Bitcoin is the opposite of PayPal, in the sense that it actually succeeded in creating a currency,” he said. “However, its payment system is lacking, and it is often used to make illegal transactions, such as to buy heroin. Until Bitcoin is used to make more legal transactions, I am a bit skeptical.
Both supporters and detractors of Bitcoin might support this statement for different reasons. Depending on your personal opinion of centralized institutions such as PayPal, or essentially free (to be traded for heroin) transaction systems, you might even read Thiel’s statement in different ways. Thiel is well-known for his Thiel Fellowship, which offers twenty individuals under 20 $100,000 to pursue their entrepreneurial dreams in lieu of university.
Speaking to the crowd of over 1,000 attendees, Thiel reminded the group of mostly still-hopeful entrepreneurs that the common myth that all low-hanging fruit (business ideas) have already been picked, ripened, and turned into mash may be true, but in reality holds you back.He explained: “I’m telling you that it has always been intermediate-hanging fruit, and it is up to us to find it and pick it.” His advice to those with profitable intermediate-hanging fruit within their grasps was to “seek to establish a business monopoly.” According to Thiel, monopolies are only bad when they artificially reduce the supply of a particular good, something that he argues corporate behemoths such as PayPal and Apple have not done.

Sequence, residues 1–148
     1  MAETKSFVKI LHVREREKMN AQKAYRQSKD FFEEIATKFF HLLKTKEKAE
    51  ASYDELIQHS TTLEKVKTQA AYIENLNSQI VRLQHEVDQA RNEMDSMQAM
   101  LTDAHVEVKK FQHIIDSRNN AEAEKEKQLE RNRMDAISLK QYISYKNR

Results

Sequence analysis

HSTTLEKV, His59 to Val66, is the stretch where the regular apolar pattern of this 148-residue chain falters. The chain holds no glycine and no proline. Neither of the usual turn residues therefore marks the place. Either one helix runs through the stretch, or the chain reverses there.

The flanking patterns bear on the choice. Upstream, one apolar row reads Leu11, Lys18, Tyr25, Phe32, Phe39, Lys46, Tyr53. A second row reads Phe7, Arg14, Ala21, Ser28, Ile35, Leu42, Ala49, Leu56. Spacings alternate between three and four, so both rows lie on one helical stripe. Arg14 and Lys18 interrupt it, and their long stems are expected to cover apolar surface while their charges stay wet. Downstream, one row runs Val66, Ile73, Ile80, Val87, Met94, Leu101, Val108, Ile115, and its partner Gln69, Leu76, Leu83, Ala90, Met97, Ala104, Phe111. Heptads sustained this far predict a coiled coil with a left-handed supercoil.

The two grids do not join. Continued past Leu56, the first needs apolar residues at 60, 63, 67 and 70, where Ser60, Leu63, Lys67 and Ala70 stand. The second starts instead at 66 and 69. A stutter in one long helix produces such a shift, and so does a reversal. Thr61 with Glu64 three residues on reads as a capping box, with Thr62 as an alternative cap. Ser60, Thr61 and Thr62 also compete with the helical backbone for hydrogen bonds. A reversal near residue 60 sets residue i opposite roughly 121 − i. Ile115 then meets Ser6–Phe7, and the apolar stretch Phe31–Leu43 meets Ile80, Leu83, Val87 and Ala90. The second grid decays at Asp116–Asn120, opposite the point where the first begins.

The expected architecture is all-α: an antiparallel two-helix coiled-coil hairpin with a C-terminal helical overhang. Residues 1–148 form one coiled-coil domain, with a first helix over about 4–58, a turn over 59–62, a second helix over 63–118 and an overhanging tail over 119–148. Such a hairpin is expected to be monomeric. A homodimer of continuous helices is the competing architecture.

What do you think about Thiel’s comparison of Bitcoin and PayPal? Comment below!
Images from Shutterstock.
Last modified (UTC): October 20, 2014 22:27